I have declared war on crepe myrtles. I know they probably don't deserve it, but I have this thing about plants that everybody has. And down here, everybody has crepe myrtles. It's like monoculture landscaping, and it can't be good for the bees. Anyway, the thing about crepe myrtles is that if they are sufficiently ignored for long enough, they will create many, many volunteer trees, most of them in places they have no business growing. And the other thing about crepe myrtles is that many people regard them as bushes and plant them accordingly, smack up next to the house in the front flower bed. But the crepe myrtle is a tree, and if you ignore it (sufficiently), it will turn into a tree, and there goes your gutter. Our neighbor has a gorgeous, huge crepe myrtle in her front yard, but most crepe myrtles are never given that amount of space or time. Instead, they're planted in the wrong places and then cruelly topped. All of which is to say that I spent a beautiful late summer day wielding a pair of giant pruning shears against dozens of juvenile crepe myrtles growing in every single landscaped bed we have. I even bravely made a start on the two trees in the front of the house that make eerie, creaky noises against the gutters when the wind blows. Those, I'm afraid, will require a hacksaw.
I'm working on crepe myrtles because my garden is defunct. When we came home from visiting my parents Labor Day weekend, one of my bean towers was blown over and the other was leaning drunkenly. It's not like I got a lot of beans out of them anyway. Time now to get another load of dirt for the raised beds and plant some fall crops, like lettuce and kale.
The blackberry bushes are bearing nicely, especially considering that this is their first year. I love blackberries. I often wonder about our big blackberry bush in the garden in New York. Hurricane Irene devestated Schoharie County, but our old house was not in the way of the worst floodwaters. Still, I wonder, did all the water coming down that hill demolish the orchard? What about the blackberry bush?
This is the risk of planting things. A piece of you stays in the ground, too.
Which is to say, we have been horrified by the news coming out of upstate New York. Some of Andy's coworkers lost their homes. The towns that formed the place we called home for 5 years are some of them completely obliterated. It's all very surreal when you're this far away and friends send you photos and videos. You just thank God that there was no loss of human life.
Because I am a worrier, I wondered what Tropical Storm Lee would do if it dumped 10 inches of rain on my parents' house. If the power went out, would we have enough food to feed our big family? Was there enough Chunky Soup in the pantry?
These are the things that will keep you up at 3 AM when you're trying to sleep in the 6 inches of space left on the bed beside the baby.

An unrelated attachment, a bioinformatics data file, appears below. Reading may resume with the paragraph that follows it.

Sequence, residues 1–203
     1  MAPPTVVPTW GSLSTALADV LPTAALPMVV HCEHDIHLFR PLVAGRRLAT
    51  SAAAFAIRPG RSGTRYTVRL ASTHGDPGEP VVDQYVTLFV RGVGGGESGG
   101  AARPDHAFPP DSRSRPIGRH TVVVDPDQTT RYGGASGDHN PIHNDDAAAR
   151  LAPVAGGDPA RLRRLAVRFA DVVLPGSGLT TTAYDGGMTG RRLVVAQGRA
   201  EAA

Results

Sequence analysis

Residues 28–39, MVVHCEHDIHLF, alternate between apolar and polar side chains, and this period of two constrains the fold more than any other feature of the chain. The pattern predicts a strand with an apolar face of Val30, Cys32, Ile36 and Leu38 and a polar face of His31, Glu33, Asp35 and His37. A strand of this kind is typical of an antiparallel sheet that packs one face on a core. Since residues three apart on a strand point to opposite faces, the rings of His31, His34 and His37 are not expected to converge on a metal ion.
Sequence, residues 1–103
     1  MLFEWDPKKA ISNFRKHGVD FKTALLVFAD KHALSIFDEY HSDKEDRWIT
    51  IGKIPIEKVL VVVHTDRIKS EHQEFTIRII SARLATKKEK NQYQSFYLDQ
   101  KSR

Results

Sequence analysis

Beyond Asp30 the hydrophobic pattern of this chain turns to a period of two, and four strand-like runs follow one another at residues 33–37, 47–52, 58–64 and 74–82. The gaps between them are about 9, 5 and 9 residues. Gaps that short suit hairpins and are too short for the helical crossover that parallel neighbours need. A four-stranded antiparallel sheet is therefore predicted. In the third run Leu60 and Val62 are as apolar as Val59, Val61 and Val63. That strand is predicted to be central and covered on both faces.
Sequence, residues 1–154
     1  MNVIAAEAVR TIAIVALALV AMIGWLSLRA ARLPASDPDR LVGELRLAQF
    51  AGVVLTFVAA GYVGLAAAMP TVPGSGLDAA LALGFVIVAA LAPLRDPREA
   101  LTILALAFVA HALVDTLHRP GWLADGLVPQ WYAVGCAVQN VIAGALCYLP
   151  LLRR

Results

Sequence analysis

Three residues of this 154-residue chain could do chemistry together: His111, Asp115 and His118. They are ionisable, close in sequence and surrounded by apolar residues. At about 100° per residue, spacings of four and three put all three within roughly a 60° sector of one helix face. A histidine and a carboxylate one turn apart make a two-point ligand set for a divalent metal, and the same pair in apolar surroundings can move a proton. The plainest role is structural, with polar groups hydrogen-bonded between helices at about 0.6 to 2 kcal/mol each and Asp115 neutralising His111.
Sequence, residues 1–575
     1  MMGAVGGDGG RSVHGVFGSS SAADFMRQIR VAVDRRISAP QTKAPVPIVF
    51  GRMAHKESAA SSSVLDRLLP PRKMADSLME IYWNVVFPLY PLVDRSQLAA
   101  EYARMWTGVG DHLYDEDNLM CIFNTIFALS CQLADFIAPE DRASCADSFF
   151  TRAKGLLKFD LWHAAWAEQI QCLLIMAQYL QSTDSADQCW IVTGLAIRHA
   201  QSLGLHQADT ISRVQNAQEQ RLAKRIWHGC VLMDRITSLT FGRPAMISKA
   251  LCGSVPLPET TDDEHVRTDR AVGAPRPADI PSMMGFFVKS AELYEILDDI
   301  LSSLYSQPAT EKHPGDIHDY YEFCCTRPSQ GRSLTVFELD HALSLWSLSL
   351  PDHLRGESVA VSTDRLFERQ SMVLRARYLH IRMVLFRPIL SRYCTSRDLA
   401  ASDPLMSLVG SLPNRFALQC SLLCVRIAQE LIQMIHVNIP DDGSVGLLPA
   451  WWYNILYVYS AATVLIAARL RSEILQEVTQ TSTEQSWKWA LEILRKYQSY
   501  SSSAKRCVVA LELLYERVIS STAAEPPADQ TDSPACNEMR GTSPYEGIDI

Fortunately for us, the rain and wind weren't that bad, although it was cold for the second week in September -- unheard of cold! 60 degrees and raining! -- and a dead tree did fall across the sidewalk. Of course they had to evacuate again in upstate New York.
On our way home, we drove out of the rain into sunshine. The rain gauge in our front flower bed held less than a half inch of rain. The azaelas in back look wilty and parched in spite of the cooler weather.
And the wildfires in Texas... good night. My dad says this is how they make averages: floods and droughts cancel each other out.
Well, this didn't start out as the natural disaster Seven Quick Takes, but I guess it's been on my mind. I went to Costco the day after we got back and stocked up on some things we were out of, or almost out of: canned salmon, olive oil, paprika. (I guess sometimes I use a lot of paprika.) They had tortellini, which I should have bought more of in case they don't have any when I go back, and I also saw organic strawberry spread, which I haven't seen in a year. So I bought 3 jars. If we were to have to eat out of the pantry now, our meals would consist of nut and seed butters, salmon, canned beans, tomatoes, pineapple, Goldfish crackers, and strawberry jam.
In case you're wondering, I am still eating grain-free as much as possible. In a little over a year, I've lost about 50 pounds. 20 pounds was cheating because it was baby weight, but 30 pounds was baby weight x the 6 previous babies. I am getting to the point where I have been forced to buy new clothes. I miss bread and my corn allergy annoys the heck out of me because I can't eat corn on the cob or Chinese food at a restaurant because there's cornstarch in the sauces, but otherwise, I'm ok eating this way. My kids, however, are not. Having enough meat on hand to fill them up with a grain-free dinner is a real problem, especially considering that my 14 month old has begun eating the same amount as the 4 year old or the 5 year olds. That said, I saw a lot of benefits to the kids with grain-reduced eating, and I want to reduce the grains they're eating again, but I can't seem to stop feeding them toast for breakfast.